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Saturday, November 14, 2015

The Celebrity Priest, Pride and Prejudice...

Alberto Cutie...
In 2009, Fr. Alberto Cutie was a rising star within the Catholic Church.  He was a young, articulate, charismatic and good-looking priest, whose warm and charming personality made him popular among the young and old alike.

Having hosted an Oprah-style TV show, that reached millions in the United States, Canada and Spain, he was a media favorite; the go-to guy for anything having to do with Catholic Christianity.

He was making speaking and emceeing engagements, rubbing elbows with celebrities and the movers and shakers of South Florida and had amassed a faithful and loyal following.

In his day job, he was also the pastor of a growing parish in Miami Beach, the President and General Director of Miami's Catholic radio station and was a published author.  In effect, whether intentionally or not, he had become a "celebrity priest," despite the oxymoron.

Moreover, he was a staunch defender and promoter of Catholic orthodoxy.

Although, still young, his future was bright and a bishopric in some distant future would not have been out of the question.

Then came the fall.  Like Adam and Eve in the Garden of Eden, he ate from the forbidden fruit; getting caught in compromising photos with a woman on the beach.

It was a scandal of seismic proportions that made national and international headlines on the heels of the priest sex scandal that had rocked the Church leadership to its core.

Soon more photos and videos surfaced, showing the priest frolicking late into the night at South Beach bars and restaurants with his love interest, Ruhama Buni Canellis, as the Church hierarchy scrambled frantically to figure out how to deal with this public relations nightmare.  The once shooting star came crashing down hard.

And, then, it got worse.

Instead of opting out, as many had done before him (albeit most of lesser notoriety than Cutie), and gracefully stepping down from his ordained vocation to get married and continue to practice his faith as a layman, like a husband who cheats on his wife and then blames her for doing it, he doubled down and went on the offensive against the Church.

Breaking away...
He denounced the Church's discipline of priestly celibacy and, in a carefully orchestrated media event, apropos for a man who apparently relished the public limelight, he publicly and defiantly joined the Episcopal Church, saying afterwards that he would continue to serve as a priest for Christ in the Anglican fold, and a month later marrying Canellis.  (It is ironic, or maybe not so, that he would choose the U.S. arm of the Church of England, since it was a faith started by a man, King Henry VIII, who also wanted to make his own rules when it came to marriage!)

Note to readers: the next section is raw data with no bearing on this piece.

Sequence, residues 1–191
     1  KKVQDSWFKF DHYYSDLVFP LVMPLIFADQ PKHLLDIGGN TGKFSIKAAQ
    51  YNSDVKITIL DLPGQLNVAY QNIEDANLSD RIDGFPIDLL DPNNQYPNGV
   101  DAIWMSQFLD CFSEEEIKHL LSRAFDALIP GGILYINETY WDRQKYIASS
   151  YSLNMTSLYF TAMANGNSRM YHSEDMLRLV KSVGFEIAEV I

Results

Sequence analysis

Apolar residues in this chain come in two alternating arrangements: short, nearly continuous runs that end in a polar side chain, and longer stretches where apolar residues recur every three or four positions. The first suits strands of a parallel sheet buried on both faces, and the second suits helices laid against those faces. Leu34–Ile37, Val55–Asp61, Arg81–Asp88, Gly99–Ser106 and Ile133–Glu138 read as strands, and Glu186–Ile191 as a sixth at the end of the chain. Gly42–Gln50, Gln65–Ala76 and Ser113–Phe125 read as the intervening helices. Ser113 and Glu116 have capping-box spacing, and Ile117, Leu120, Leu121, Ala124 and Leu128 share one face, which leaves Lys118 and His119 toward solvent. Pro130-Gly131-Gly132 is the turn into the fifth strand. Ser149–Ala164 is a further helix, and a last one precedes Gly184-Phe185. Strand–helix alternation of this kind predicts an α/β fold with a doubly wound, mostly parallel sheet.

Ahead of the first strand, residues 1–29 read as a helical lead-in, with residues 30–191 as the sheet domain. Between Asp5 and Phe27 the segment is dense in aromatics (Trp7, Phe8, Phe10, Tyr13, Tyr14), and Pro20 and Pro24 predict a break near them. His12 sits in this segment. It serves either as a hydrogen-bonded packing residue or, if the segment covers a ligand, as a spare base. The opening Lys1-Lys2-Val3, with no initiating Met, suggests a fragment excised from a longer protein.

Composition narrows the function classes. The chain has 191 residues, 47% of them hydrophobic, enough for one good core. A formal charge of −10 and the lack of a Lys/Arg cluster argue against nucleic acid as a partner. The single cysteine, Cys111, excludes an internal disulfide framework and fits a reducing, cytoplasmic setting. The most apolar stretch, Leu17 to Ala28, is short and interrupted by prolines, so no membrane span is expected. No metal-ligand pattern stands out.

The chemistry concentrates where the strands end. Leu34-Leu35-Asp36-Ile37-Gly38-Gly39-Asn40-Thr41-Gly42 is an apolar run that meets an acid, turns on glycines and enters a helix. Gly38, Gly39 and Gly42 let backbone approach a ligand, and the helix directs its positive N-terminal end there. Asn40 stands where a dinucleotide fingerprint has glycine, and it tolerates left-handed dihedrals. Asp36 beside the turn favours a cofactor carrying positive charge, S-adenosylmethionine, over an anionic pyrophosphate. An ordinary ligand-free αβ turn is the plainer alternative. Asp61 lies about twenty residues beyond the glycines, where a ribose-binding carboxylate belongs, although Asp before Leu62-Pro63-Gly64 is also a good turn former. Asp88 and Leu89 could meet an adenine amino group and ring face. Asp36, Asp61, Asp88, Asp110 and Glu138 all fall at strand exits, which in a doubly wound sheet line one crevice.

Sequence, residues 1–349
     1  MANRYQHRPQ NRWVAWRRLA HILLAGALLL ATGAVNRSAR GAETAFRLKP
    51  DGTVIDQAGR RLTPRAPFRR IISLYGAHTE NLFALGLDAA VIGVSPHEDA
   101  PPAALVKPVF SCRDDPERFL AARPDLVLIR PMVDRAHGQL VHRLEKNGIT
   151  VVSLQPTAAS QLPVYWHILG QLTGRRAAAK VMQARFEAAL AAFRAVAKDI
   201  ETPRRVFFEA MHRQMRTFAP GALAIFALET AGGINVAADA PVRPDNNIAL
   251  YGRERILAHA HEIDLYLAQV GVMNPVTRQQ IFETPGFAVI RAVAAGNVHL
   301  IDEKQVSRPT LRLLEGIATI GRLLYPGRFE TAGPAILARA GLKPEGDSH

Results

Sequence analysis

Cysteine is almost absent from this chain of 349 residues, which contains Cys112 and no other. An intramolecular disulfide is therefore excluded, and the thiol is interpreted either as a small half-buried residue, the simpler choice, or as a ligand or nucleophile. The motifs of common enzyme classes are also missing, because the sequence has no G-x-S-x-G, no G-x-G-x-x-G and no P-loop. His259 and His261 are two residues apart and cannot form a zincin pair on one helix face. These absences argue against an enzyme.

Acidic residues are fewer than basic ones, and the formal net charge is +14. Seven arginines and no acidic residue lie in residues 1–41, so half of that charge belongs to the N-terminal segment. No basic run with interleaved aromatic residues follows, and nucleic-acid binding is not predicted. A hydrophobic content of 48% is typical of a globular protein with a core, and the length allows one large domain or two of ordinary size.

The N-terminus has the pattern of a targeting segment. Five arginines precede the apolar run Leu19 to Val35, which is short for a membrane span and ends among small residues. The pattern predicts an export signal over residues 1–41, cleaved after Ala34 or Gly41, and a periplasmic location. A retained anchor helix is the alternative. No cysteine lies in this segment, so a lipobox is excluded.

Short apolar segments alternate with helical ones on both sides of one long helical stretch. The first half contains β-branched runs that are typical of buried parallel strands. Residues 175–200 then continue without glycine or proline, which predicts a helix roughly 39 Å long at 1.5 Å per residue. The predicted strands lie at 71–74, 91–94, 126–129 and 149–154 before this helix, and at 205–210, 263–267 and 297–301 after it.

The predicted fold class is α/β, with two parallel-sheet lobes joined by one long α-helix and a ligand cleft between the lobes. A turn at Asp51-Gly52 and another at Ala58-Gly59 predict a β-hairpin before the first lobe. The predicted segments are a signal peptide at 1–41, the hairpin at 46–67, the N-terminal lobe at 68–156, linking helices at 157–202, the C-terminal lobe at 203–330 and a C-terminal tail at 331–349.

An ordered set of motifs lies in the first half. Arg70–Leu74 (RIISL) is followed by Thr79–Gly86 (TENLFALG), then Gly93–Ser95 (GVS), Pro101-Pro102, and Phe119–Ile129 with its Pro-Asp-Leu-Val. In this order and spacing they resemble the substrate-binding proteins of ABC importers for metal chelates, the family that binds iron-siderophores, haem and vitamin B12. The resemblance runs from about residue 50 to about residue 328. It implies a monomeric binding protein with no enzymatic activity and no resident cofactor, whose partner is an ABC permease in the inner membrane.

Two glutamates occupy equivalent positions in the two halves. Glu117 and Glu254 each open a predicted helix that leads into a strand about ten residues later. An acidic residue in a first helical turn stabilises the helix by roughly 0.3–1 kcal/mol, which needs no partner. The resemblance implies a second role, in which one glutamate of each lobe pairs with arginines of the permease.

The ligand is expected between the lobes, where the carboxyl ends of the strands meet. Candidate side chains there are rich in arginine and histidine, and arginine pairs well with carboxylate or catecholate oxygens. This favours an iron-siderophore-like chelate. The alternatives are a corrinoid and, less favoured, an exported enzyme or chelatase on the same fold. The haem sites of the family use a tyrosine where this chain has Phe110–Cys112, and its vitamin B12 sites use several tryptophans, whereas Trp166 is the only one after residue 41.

In any event, today, almost seven years later, Alberto Cutie is now an Episcopalian priest and Rector, serving a small parish, St. Benedict's (named after a Roman Catholic monk known for his "rules" for spiritual balance and moderation), which is several miles north from St. Francis de Sales Catholic Church, where he once pastored. But, more than that, he is a husband and father.  And, despite the distance from his past, the wounds from his life in the Catholic Church, where he was raised and formed, apparently haven't completely healed.

Cutie was recently featured in a series of reports on the local TV station I work at and, even though he was visibly happy as a priest and family man, claiming he was living the "abundant life," his prejudice and antagonism against the Church, he once strongly defended, was evident.

Aside from blasting Pope Francis for visiting Fidel Castro and calling Miami Archbishop Thomas Wenski a liar, he compared the Catholic Church with Cuba's repressive government, "People make decisions. My parents left Cuba because they couldn't live in a communist dictatorship.  And, I was living in a spiritual dictatorship because that is what the Catholic Church is; a spiritual dictatorship, where they tell you, it has to be done like this or you're out."  He added, "I have many friends and love many people in the Catholic Church but I lived within a dictatorship, where there was no freedom to do things that are part of humanity."

To me, it's ironic (There's that word again!).  Nobody, not the Pope, not the Church, not anyone, forces or coerces a man to become a priest. He does so because he feels a calling by God and responds under his own free will.